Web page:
An estimated 12,853 residents in Fort Bend County cast ballots on the first day of early voting Tuesday, about 6,000 less than those who voted early on the first day of the mid-term elections in November 2018.
Long lines greeted voters at many polling sites across the county, most notably the Smart Financial Centre, Fulshear High School and the county annex in Rosenberg.
Voters who cast ballots in smaller communities, such as Needville and Beasley, breezed in and out with little or no waiting.
A total of 481,813 residents were registered to vote in the election as of Tuesday, but more are expected to register before the Oct. 24 deadline.
Many of the wiser voters brought folding camp chairs, hats and books to read while they waited in line Tuesday.
A technical issue with voting machines on Tuesday caused a long delay for Fort Bend County voters on the first day of early voting.
At the county annex in Rosenberg, the line stretched down the front of the building and down the side one hour before voting began Tuesday.
By 8:05 a.m., the line looped back up toward the front of the building. Anyone who arrived at 8:30 a.m. didn’t get inside to vote until right at 11 a.m. Voters who arrived at 11 a.m. stood in line for about three hours before getting inside.
Wayne Poorman was among the voters who visited the county annex.
“We stood in line for two hours and 41 minutes,” he recalled. “It was a very pleasant experience. The fellow voters in line were amiable. The voter officials were most helpful and pleasant when we finally got inside. We came away feeling quite patriotic!”
Nancy Fatheree of Fulshear said she arrived at the Fulshear High School site at 2:30 p.m. Tuesday and finally made it inside the door at the high school around 4 p.m.
She had heard there was trouble with the voting machines, and that was why the wait was so long.
Nancy said she feared her ballot wouldn’t be counted if she voted with a busted election machine.
However, Fort Bend County John Oldham said the voting machines themselves were not broken on Tuesday and all the votes would be counted.
He said the laptops that are used to check in voters had the wrong date for the start of the election and had to be updated. That was completed around 11 a.m. Tuesday.
He said he and his staff had to visit 30 election sites to get the laptops up and running.
Nancy considered getting out of line at one point but decided to hang tough.
Rhonda Price Mokerski said she first went to Bowie Middle School to cast her ballot, but someone in the parking lot said the women at the front of the line had been there five hours. Then, someone in a chat group said there was no waiting at Beasley Elementary School, so she drove there and was in and out in no time.
Kandice Box Gremillion also voted in Beasley.
“Went around 2 p.m. No line. Walked right in. Only a couple of people inside. No waiting. I liked the new machine and the printout that it gave me. It went great!” she said.
Frank Cempa said he voted without hassle in Needville.
“My wife and I went to Needville Road and Bridge and waited about 10 minutes in line,” he recalled.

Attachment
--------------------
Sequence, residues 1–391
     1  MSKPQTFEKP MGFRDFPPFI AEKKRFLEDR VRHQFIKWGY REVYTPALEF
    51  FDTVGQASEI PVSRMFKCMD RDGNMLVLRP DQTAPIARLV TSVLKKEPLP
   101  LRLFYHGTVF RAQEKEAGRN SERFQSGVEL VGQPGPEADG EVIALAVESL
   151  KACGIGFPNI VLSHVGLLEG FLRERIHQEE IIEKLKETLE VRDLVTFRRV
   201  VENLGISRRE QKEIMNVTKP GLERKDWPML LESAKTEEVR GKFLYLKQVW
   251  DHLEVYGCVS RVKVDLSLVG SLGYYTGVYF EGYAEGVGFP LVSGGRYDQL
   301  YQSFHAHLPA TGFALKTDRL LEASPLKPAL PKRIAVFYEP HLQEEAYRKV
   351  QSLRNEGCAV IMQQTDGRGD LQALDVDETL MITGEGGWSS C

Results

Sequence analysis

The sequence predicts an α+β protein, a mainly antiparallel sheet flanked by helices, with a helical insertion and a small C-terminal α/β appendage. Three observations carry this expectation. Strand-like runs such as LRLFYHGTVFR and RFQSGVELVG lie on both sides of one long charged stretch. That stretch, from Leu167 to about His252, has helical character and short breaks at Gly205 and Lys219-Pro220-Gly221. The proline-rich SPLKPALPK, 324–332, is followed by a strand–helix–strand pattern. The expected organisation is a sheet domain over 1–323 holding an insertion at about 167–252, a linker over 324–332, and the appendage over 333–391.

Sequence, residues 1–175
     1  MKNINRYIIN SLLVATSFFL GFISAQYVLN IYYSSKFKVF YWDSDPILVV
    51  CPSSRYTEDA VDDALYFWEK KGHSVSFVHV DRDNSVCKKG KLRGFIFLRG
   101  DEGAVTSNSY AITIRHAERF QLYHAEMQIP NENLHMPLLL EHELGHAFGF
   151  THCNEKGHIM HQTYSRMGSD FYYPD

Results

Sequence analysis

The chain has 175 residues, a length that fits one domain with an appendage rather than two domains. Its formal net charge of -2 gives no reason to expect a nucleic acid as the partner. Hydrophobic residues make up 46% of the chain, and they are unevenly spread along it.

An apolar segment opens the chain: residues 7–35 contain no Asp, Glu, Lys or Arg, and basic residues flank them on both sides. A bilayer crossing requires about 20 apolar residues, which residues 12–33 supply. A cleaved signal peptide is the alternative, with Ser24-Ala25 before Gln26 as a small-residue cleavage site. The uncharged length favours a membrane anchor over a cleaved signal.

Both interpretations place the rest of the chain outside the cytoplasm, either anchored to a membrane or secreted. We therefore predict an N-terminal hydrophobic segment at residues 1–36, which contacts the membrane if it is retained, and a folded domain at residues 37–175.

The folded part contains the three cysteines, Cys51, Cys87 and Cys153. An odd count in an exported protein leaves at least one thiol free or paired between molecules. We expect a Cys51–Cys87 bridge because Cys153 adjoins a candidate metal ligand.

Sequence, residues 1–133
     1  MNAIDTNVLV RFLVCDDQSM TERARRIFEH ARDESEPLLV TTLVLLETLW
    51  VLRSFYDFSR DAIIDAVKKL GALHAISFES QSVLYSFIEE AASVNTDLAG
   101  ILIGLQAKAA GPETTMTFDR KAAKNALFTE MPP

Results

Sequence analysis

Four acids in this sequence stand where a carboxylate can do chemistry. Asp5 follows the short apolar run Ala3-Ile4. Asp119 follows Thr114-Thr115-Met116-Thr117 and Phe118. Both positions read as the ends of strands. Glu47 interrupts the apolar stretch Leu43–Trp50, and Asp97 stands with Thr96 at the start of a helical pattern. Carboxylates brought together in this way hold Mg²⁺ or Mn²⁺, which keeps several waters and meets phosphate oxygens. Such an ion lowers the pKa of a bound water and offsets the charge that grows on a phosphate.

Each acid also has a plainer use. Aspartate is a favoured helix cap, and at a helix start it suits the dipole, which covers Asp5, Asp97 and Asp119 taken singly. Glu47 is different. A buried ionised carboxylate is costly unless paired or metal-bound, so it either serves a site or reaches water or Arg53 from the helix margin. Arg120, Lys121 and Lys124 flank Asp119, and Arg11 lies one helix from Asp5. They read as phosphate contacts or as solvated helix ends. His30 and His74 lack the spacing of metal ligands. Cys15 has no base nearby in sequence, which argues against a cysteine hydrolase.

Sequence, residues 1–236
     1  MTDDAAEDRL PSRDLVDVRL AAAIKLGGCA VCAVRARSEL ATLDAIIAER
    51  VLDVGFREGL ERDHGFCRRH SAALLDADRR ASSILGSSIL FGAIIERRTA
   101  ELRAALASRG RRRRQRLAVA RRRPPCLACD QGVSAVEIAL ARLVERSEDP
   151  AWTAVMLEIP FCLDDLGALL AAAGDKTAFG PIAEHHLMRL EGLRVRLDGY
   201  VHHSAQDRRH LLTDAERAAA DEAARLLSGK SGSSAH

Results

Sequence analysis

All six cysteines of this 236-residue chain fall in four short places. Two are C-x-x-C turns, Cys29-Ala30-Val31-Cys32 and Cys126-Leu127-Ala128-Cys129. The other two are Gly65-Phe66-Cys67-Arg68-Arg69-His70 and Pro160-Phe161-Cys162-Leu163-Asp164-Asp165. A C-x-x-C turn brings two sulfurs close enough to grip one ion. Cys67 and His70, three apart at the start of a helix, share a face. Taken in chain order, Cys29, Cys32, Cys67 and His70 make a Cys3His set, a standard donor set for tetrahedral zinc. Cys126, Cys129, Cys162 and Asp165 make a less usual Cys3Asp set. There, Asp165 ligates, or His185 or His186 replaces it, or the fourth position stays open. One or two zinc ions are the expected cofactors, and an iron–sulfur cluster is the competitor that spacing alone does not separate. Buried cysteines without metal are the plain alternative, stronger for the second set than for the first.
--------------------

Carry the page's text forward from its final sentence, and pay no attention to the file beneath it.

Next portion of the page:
“The elections crew there were very friendly!”
George and Carolyn Delmar also voted in Needville.
“It took about 30 minutes. Short outside waiting line. No problems,” she recalled.
Although the lines were long on the first day of early voting, they could be attributed to the number of hotly contested races up for election, including the race for president, Oldham remarked.
He also attributed some of the long lines to the breakdown in voting and the social distancing guidelines due to the coronavirus pandemic.
Also, for the first time, voters were not allowed to vote straight party ticket, which means they had to read down the entire ballot to cast votes, which helped slow the pace, he said.
He said lines were much shorter on Wednesday.
“On Tuesday, I counted about 200 people waiting to vote at the county annex before we even opened the doors. I looked out the door (on Wednesday) and the line looked to be about 30 minutes long. Voting was going much more smoothly than it did on Tuesday,” he said.
At one polling site on Tuesday, only 286 people had cast ballots due to the delays. On Wednesday, more than 400 had made their way through that polling site, he said.
Still, Oldham expects lines until early voting ends Oct. 30.
Many people are still registering to vote in the Nov. 3 election, he said.
“We are currently at 481,813 registered voters and that will grow by Election Day as we have applications to process,” he noted. “We typically have two weeks between the close of registration and the star of early voting. This time it was only one.”
In the past 30 days, his staff has processed over 41,000 forms — new registrations, changes, and ballot by mail applications.
The staff has already mailed out 36,768 mail-in ballots requested — roughly 20,000 more than requested in previous election years, he said.
Just over 7,200 of the mail-in ballots have already been returned, he added.
Tuesday’s voting delay also has prevented the elections office from updating its website. Oldham said poll numbers could be updated Wednesday evening or by Thursday morning.